Everyone. Just like other forms of socialism, you're stealing from everyone to give to everyone, which necessitates a robber class, which will soak up some percentage of the take, leaving everyone (except the robber class) poorer than if you just left them alone.
Landowners are a robber class that steals from everyone to give to themselves.  We're just taking back what's ours.

You assume that government "sovereignty" is legitimate. It is not, since drawing lines on a map does not grant ownership. If it did, I could easily draw on my map that I was no longer part of the US, and they would have to recognize it. No, the only way they have any claim over the land in the US is by force of arms, which is inherently illegitimate.
So... if they built a fence along the borders would you recognize it?  If the government dropped their claim of sovereignty, who would it go to?  You never had it, so you can't be the rightful owner by your logic.

What does the government do that a landlord cannot?  Collect taxes?  Landlords collect rent.  Make laws?  Landlords make rules concerning their property.  Use force?  Once the landlord declares you a trespasser, they can do that.  Heck, what would stop them from making you sign a contract giving them the power to use force at will?  At the end of the day, land ownership is backed up by force of arms.  In a system of AnCap with private land ownership, landlords would just be governments by another name.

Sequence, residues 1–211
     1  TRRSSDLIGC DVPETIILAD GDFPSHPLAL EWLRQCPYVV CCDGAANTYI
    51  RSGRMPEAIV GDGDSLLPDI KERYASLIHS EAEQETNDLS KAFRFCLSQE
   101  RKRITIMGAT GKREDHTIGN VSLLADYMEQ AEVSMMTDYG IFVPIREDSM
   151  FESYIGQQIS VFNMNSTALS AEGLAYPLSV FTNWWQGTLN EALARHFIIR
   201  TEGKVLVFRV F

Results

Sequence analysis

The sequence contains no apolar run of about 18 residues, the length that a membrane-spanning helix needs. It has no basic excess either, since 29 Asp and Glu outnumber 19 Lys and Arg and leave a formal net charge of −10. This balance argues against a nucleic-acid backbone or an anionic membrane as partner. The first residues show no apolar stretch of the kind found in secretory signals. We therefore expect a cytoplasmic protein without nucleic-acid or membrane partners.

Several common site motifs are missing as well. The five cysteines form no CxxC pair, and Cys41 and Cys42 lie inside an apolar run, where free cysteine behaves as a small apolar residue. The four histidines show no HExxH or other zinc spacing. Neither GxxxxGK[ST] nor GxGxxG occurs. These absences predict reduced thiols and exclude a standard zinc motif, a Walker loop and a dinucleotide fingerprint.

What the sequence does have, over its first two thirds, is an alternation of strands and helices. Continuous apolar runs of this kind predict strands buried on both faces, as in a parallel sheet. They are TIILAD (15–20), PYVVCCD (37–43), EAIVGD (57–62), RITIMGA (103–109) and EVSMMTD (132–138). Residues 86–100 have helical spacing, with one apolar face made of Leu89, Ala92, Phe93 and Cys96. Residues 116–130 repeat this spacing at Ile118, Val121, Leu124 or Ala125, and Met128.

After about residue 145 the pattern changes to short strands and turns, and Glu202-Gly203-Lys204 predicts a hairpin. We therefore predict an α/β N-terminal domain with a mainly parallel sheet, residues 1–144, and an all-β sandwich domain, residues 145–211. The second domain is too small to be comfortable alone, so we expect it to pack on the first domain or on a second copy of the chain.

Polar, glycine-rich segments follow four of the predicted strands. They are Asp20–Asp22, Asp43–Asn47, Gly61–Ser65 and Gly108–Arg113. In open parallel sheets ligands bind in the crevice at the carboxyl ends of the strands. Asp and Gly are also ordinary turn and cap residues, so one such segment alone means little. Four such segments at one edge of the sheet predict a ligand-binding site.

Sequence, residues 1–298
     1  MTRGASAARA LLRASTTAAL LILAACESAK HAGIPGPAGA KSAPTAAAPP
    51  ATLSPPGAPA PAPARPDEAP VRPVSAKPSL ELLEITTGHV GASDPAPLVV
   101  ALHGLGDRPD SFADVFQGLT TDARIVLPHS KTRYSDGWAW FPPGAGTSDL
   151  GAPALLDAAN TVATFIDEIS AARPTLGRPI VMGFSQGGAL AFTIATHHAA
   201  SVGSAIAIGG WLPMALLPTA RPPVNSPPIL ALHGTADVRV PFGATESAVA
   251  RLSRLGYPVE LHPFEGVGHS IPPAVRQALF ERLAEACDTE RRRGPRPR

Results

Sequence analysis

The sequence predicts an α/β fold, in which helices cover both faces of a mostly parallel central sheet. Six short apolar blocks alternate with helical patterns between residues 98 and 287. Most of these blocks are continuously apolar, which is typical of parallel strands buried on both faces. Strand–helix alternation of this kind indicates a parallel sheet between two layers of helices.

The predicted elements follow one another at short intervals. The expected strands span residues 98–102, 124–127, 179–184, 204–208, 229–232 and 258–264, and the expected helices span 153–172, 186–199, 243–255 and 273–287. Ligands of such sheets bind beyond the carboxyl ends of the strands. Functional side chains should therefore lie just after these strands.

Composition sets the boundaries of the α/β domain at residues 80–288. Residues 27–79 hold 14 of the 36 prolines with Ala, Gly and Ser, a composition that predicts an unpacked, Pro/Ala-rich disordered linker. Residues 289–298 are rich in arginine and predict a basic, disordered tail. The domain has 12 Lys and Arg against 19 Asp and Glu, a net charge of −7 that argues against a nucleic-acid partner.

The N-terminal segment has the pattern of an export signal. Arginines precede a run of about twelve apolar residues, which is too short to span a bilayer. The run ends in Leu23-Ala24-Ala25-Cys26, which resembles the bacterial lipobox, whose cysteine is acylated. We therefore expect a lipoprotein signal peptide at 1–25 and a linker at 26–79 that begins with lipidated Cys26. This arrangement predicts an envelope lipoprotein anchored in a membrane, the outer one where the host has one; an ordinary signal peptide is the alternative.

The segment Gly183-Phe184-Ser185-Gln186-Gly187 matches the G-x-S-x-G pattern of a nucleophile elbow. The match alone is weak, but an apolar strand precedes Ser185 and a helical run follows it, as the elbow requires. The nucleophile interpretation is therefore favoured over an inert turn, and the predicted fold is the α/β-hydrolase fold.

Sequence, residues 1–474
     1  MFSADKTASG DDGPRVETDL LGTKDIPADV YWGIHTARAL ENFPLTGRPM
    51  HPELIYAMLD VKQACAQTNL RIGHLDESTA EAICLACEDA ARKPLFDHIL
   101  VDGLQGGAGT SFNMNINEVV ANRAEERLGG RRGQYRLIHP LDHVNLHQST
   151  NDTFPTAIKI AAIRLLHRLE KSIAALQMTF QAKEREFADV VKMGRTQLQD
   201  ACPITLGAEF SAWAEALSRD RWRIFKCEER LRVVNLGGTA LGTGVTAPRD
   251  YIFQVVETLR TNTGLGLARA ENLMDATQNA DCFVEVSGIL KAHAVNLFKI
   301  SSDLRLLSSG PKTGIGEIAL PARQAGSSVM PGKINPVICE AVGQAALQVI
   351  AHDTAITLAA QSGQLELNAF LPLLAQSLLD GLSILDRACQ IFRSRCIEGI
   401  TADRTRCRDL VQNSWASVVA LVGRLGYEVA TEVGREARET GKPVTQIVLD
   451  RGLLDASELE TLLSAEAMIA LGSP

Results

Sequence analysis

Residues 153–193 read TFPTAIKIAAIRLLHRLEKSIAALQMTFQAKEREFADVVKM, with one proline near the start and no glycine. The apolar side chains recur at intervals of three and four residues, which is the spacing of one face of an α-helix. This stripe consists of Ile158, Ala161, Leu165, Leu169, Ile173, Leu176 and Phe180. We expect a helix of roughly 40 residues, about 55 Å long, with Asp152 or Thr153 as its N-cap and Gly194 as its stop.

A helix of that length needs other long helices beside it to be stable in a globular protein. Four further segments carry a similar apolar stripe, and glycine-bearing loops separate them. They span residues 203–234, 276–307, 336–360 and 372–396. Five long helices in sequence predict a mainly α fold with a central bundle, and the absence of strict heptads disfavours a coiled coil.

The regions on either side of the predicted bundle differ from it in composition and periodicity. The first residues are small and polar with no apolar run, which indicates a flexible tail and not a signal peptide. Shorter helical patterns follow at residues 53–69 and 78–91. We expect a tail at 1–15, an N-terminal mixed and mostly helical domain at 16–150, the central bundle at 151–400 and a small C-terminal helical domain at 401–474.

169  Other / Politics & Society / Re: Georgism/Geoism and the Land Value Tax on: December 11, 2012, 11:04:49 PM
No, by digging the mine, you alter the land. You thereby gain ownership of the land. The ore, both in the vein and dug up, is part of that land
In other words, your argument that homesteading is just a way to let you keep the product of your labor is false.

Care to explain how the first person gets most of the reward? Even if he rents it, He won't be able to charge more than the renter is willing to pay, and if the area is rich in ore, prospective renters may value that already dug hole less than the money he's charging for it, and go stake their own claim.
Once all land is owned, the only limit to what renters are "willing" to pay is what they can pay.

Land doesn't work like the products of human labor.  If there was a sudden demand for, say, ice cream, the price increase would be temporary.  Eventually, the increased demand would be balanced out by increased production, or if it wasn't people would look for alternatives.  There is no way to increase production of land, and there are no alternatives.  Land value tends upwards, absorbing all the new wealth gained through increased productivity.